independent

Wednesday 16 April 2014

Money worries pinpointed as major cause of marriage friction

Young couple calculating their domestic bills
Young couple calculating their domestic bills

ANXIETY, stress and verbal abuse caused problems in eight out of ten marriages last year, figures show.

More than 50,000 hours of counselling were given to 6,500 couples by Accord, the Catholic marriage care service.

 

Six out of ten had money worries, while a quarter raised concerns about infidelity, 59% suffered emotional abuse and 13% were the victims of violence in the home.

 

Elsewhere 7,000 couples took their marriage preparation course with Accord in 2012.

 

Bishop Christopher Jones, president of the service, urged anyone with marriage or family difficulties to seek support.

 

"While an increase in demand for marriage preparation courses is a positive development, Accord figures also indicate an increase in 2012 in demand for our marriage counselling service and, sadly, this tells another story," he said.

 

"Difficult economic times have put pressure on people and in turn on their marriage and on their family relationships.

 

"My key message today is for those who are experiencing difficulty in their marriage and family, Accord exists to assist you to address, at every stage, these fundamental and vital human relationships."

 

Almost 800 professionally trained volunteers counsel couples across Ireland.

 

Anxiety and stress were cited by 82% who needed help, while 82% reported not listening/ignoring one another as a problem and 78% of individuals said they were criticised and insulted.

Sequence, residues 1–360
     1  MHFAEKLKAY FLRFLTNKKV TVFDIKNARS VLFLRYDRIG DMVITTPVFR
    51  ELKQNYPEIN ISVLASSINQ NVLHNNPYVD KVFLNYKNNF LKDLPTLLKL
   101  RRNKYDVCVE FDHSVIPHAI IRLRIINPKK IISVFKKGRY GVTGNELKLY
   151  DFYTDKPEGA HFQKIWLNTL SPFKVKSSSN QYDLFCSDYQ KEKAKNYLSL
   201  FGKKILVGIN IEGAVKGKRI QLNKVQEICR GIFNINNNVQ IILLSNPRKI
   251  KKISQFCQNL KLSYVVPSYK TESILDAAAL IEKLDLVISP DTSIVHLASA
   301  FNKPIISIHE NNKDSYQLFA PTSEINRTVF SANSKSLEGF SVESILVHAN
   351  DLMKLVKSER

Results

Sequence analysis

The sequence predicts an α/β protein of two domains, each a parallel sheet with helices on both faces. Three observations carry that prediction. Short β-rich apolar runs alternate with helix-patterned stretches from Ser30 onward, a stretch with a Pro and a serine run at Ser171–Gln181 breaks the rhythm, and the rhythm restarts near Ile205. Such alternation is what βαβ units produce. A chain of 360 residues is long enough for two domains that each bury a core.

Bishop Jones launched the figures as he blessed an engaged couple - Holly Asaa from Maynooth and John Delaney from Borris-In-Ossory - at a relic of Saint Valentine in the Carmelite Church in Whitefriar Street, Dublin.

 

The pair will be married in Ladychapel Church, Maynooth, in August.

 

Bishop Jones said Ireland has a strong tradition of marriage and family.

 

"Each year large numbers of couples choose to get married and of these a significant majority choose the sacrament of marriage, to get married in the Church," he added.

 

"We need to encourage and offer them every possible support.

 

"One of the ways in which we can promote marriage and the family is to highlight the happiness and joy which come from being faithful to a marriage and to family life while, at the same time, we must be ever aware to acknowledge with compassion and support those couples experiencing difficulty.

 

"In this way we can start the process of helping them in overcoming their difficulties."

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